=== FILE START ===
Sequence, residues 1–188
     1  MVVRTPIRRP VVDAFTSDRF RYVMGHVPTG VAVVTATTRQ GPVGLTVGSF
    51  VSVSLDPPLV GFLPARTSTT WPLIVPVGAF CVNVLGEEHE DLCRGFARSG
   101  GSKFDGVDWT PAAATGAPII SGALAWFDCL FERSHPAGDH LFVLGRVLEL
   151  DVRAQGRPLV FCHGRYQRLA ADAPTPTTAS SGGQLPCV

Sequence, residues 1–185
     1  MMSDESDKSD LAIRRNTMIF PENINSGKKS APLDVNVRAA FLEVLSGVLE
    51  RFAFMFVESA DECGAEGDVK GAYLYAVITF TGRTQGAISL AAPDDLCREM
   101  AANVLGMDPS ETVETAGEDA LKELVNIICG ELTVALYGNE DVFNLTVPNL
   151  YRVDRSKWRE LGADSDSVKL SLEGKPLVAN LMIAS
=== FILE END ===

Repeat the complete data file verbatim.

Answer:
Sequence, residues 1–188
     1  MVVRTPIRRP VVDAFTSDRF RYVMGHVPTG VAVVTATTRQ GPVGLTVGSF
    51  VSVSLDPPLV GFLPARTSTT WPLIVPVGAF CVNVLGEEHE DLCRGFARSG
   101  GSKFDGVDWT PAAATGAPII SGALAWFDCL FERSHPAGDH LFVLGRVLEL
   151  DVRAQGRPLV FCHGRYQRLA ADAPTPTTAS SGGQLPCV

Sequence, residues 1–185
     1  MMSDESDKSD LAIRRNTMIF PENINSGKKS APLDVNVRAA FLEVLSGVLE
    51  RFAFMFVESA DECGAEGDVK GAYLYAVITF TGRTQGAISL AAPDDLCREM
   101  AANVLGMDPS ETVETAGEDA LKELVNIICG ELTVALYGNE DVFNLTVPNL
   151  YRVDRSKWRE LGADSDSVKL SLEGKPLVAN LMIAS